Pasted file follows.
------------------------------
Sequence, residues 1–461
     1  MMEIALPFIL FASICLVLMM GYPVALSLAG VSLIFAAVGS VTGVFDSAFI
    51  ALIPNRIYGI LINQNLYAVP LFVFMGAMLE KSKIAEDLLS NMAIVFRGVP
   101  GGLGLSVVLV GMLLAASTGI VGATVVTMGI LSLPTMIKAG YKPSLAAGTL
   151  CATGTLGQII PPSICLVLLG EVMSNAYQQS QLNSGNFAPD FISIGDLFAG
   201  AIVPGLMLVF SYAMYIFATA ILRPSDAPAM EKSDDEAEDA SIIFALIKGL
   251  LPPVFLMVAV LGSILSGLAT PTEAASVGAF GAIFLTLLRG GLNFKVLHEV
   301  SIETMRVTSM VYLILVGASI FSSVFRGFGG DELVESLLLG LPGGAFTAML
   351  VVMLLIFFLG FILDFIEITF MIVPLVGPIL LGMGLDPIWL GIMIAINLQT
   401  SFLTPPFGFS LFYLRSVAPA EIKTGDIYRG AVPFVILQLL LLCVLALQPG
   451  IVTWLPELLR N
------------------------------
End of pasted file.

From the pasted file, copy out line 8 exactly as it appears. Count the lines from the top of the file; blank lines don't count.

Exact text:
   301  SIETMRVTSM VYLILVGASI FSSVFRGFGG DELVESLLLG LPGGAFTAML